The South Porch & Abbey



A tour of St John the Baptist

The South Porch and Abbey


Today the South Porch is home to some grave slabs from the Abbey and the notice on the wall deserves some attention. Against the west wall is the best preserved grave slab, you can see the name fairly easily - ‘Nicholas Petherton’ and that he was born in ‘Keynsham’.  All of the stones are recognised as 15th century in design and two of those named, Roger Hobbes and Thomas Rede are known to have been alive in the 1450’s from records held elsewhere. All of the stones in the porch are for members of the Abbey.

Outside of the porch is the tombstone of ‘Hugh Taylor of Keynsham and Matilda, his wife’. This stone came from the nave of the Abbey, burial there was a privilege granted to some civilians in the part of the church open to the parish. It is a shame there was no room in the porch, for this stone, exposure to the weather is making the inscription difficult to read.

All records and histories mention that the buttress VI has a mass dial on it, but had is a better word. You need a bit of imagination to see the hole that held the gnomon. On the wall of the chancel is a lancet window that is blocked on the inside by one of the Bridges family monuments. Standing here and looking east you would have seen the Abbey. It was built by William Earl of Gloucester in memory of his son Robert at some time between 1166 and 1175. It was in the same group as Woodspring Abbey and St Augustine’s Bristol, now the Cathedral.  Dissolved in 1539 by Henry VIII most of the staff found other positions.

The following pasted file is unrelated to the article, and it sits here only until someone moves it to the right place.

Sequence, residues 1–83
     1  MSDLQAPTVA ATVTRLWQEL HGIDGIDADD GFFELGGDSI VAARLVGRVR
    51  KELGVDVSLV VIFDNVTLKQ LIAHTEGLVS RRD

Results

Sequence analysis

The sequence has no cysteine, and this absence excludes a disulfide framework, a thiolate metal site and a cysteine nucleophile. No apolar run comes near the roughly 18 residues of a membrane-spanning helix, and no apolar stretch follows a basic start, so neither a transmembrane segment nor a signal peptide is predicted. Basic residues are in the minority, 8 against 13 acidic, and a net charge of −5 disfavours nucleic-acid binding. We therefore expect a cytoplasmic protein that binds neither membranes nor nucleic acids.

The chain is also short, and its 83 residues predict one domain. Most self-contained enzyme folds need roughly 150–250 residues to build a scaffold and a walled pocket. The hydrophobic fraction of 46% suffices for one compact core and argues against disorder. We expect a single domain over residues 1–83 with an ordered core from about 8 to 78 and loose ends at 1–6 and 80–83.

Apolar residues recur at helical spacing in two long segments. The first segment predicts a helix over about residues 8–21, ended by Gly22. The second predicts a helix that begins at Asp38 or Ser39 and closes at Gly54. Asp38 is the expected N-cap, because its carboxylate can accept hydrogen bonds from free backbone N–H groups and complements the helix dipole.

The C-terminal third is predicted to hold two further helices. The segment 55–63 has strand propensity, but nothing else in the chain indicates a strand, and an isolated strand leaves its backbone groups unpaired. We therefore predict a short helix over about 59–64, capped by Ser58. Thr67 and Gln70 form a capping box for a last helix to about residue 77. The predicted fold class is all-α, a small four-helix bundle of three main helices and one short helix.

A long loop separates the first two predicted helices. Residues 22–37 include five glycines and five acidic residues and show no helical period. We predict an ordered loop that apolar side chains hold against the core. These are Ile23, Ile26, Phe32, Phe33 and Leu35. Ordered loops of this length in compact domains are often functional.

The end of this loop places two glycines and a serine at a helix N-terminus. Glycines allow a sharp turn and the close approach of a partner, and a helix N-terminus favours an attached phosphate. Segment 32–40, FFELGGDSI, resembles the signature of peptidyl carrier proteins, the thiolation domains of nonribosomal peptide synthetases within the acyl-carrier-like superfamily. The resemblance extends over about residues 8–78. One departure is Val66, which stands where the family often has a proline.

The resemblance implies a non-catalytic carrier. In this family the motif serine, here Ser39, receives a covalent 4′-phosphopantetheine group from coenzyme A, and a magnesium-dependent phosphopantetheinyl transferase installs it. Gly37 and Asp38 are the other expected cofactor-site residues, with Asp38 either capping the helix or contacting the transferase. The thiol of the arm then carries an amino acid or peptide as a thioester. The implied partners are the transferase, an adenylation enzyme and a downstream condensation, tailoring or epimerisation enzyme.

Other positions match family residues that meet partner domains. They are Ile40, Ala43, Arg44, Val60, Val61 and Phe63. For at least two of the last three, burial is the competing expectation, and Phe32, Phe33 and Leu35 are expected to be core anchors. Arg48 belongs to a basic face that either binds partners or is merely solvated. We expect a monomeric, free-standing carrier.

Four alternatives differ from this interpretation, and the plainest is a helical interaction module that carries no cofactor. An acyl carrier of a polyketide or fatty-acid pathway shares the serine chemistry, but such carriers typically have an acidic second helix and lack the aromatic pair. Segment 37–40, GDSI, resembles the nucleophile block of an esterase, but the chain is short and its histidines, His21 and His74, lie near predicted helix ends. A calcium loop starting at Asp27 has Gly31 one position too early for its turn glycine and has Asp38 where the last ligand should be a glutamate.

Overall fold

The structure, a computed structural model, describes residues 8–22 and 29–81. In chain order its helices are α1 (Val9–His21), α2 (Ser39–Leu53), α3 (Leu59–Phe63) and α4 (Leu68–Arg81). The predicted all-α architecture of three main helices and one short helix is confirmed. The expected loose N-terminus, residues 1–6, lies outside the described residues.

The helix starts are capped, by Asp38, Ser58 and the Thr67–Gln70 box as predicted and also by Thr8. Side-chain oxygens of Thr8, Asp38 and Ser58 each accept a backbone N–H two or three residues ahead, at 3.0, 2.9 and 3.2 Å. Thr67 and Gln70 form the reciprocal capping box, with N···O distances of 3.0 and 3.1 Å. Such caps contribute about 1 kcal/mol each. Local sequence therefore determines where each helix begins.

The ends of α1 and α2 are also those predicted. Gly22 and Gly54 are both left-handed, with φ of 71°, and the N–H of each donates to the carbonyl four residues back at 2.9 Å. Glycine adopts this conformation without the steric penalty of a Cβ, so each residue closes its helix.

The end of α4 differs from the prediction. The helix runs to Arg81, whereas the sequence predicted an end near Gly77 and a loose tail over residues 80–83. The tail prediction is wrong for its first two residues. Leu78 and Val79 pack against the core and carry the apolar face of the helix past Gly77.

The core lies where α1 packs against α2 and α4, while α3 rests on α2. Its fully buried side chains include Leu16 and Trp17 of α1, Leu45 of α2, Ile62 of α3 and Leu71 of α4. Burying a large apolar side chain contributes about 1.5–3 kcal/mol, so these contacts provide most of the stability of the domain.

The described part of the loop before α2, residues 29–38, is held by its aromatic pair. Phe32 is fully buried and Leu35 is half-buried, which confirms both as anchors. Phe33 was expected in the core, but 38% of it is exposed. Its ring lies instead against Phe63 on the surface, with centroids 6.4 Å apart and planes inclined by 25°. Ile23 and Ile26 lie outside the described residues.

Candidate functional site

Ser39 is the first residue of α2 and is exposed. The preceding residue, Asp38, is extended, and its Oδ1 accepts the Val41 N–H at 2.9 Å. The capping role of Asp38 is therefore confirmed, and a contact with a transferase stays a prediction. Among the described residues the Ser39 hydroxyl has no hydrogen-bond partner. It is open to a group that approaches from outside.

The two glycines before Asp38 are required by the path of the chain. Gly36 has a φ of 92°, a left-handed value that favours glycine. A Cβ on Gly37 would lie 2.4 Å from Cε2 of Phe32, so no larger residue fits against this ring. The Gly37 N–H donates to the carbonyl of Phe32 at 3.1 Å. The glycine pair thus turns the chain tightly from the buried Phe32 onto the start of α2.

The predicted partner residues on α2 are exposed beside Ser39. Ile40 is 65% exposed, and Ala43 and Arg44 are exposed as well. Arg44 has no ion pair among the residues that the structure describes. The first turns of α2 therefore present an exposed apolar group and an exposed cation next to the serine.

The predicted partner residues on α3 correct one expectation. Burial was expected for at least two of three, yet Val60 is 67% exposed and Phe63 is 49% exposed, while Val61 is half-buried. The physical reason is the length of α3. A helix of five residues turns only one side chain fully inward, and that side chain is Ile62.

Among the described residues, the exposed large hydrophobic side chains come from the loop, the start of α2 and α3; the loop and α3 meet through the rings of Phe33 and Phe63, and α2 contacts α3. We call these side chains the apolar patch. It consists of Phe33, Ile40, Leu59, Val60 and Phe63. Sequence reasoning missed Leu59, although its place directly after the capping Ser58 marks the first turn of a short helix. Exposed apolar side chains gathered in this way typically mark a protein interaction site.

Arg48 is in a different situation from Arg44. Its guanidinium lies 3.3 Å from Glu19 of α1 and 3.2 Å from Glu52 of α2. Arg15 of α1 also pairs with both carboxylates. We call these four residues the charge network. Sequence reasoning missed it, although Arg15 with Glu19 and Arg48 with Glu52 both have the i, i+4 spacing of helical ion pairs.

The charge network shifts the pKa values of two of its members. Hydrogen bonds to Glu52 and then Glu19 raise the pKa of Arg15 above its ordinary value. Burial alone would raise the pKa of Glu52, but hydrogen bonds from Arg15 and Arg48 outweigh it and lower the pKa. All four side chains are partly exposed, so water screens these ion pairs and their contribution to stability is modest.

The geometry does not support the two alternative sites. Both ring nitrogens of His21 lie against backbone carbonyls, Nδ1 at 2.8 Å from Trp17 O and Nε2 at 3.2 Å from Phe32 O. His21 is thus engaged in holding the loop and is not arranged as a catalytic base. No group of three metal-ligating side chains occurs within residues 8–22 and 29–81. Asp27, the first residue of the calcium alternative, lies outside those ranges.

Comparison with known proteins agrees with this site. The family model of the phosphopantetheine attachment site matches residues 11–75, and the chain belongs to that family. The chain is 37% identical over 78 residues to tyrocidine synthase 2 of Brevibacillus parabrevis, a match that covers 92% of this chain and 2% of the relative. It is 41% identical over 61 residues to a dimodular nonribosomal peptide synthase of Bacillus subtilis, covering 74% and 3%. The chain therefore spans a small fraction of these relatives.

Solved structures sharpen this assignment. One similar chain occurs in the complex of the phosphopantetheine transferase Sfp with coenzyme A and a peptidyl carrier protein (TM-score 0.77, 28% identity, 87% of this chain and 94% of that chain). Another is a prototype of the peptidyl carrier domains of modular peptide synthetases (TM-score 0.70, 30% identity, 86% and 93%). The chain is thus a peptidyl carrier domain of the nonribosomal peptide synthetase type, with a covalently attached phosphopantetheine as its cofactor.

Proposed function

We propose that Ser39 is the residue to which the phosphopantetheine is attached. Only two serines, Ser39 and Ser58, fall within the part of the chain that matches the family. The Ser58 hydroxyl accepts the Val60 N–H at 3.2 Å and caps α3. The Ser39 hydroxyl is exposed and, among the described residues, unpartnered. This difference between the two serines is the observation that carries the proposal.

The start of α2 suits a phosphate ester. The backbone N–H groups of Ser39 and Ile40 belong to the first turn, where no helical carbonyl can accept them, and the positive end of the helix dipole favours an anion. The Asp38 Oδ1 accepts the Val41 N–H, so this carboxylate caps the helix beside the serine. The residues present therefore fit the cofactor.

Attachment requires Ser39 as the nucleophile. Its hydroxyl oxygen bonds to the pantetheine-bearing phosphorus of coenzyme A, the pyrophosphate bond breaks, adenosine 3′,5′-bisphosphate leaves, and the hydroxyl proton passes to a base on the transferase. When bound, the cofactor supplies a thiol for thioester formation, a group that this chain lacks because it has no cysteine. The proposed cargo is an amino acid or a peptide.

A lot was learned about the Abbey when the bypass was constructed in the 1960’s. 

On this side many carved stones are on top of the wall of the old Rectory, (now the @One Centre) and just beyond the car park by the large chestnut tree are some steps – usually covered by vegetation debris! On the opposite side, in the Park are the remains of some of the buildings.

Some years ago I was on a day course about Tintern Abbey, one of the speakers was Mick Aston who told me that his involvement in the excavations of Keynsham Abbey was one of his earliest projects and occupied a special place in his archaeological career. A lecturer at Bristol University, he became best known through Channel 4’s programme Time Team.

Edmund Prideaux